I'm currently experiencing an issue where base64 encoded fonts are being blocked by CSP on my website (note that I replaced the base64 with abcdefg in this example:

Refused to load the font 'data:font/woff2;base64,abcdefg///abcdefg' because it violates the following Content Security Policy directive: "font-src 'self' https://fonts.googleapis.com https://fonts.gstatic.com https://maxcdn.bootstrapcdn.com".

The fix for this is to add data: to the fonts-src directive in the content security policy, for example:

"font-src 'self' data: https://fonts.googleapis.com https://fonts.gstatic.com https://maxcdn.bootstrapcdn.com"

However, this opens my website up to data from all sources, not just the sites I have specified. I know that use of data: for default-src is deemed insecure in relation to XSS attacks, see this previous question

However what is not clear to me is if it is insecure for specifically font-src. What is the worst that could happen if I used this? Will a script kiddie convert my site into wingdings? I have found no evidence anywhere that it would have harmful effects, but at the same time it seems it is recommended everywhere with reckless abandon.

Can someone give me the definitive answer on this? And if it is indeed insecure, why is data: even a feature of CSP if it opens everyone up to accidental security incidents?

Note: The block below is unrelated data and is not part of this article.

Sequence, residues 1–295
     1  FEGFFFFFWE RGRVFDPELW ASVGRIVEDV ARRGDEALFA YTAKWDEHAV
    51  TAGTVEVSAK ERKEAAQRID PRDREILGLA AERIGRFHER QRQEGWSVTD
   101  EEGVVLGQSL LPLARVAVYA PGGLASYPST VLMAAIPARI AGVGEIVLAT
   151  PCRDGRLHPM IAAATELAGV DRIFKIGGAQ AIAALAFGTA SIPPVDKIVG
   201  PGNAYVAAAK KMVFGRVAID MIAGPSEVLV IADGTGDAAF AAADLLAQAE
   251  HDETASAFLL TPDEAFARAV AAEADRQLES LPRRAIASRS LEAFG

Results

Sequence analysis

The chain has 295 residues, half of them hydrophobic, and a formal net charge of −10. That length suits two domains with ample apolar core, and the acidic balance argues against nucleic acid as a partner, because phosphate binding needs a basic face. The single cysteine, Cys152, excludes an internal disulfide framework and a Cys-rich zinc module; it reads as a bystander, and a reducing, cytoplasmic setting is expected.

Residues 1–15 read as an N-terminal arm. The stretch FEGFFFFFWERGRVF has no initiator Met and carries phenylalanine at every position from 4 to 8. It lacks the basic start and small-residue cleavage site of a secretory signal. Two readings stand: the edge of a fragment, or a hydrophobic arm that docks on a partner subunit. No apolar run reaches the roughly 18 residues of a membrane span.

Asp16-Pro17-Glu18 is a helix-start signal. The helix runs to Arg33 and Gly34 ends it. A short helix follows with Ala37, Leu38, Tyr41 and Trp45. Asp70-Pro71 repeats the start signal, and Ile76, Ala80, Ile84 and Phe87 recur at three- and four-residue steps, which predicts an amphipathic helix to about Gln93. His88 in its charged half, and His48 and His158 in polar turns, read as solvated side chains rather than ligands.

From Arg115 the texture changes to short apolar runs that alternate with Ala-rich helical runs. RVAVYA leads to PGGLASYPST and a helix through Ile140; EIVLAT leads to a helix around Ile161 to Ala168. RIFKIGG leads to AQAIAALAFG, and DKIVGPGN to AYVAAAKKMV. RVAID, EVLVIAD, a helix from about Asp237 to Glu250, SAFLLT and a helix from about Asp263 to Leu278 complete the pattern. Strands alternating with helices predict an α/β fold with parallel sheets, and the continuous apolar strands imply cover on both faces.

1 Answer 1


As you've pointed out yourself, an attacker who controls the font can deface at least parts of the website. This isn't necessarily harmless. By substituting characters, it is possible to change what a text actually says, including the labels of buttons or the displayed content of input fields. This might be used to, for example, trick a user into performing actions they didn't intend.

On the other hand, for an attacker to abuse the @font-face rule, they must already be able to manipulate a style element or attribute. You can prevent this with CSP by only allowing external style sheets loaded via HTTPS or inline styles protected with a hash. If your style sheets are vulnerable, this is a bigger issue than a @font-face injection, since there are several CSS-based attacks.

So allowing data: as a font-src is neither completely harmless nor a definite security issue. It depends on whether you prevent attacks through the other CSP directives. Of course the cleanest solution would be to load the fonts from an external source.

As to the second question: The data: source exists for the same reason that the various unsafe-* sources exist. They allow you to relax the CSP policy when the most secure options aren't possible for some reason. This is still better than no protection at all.

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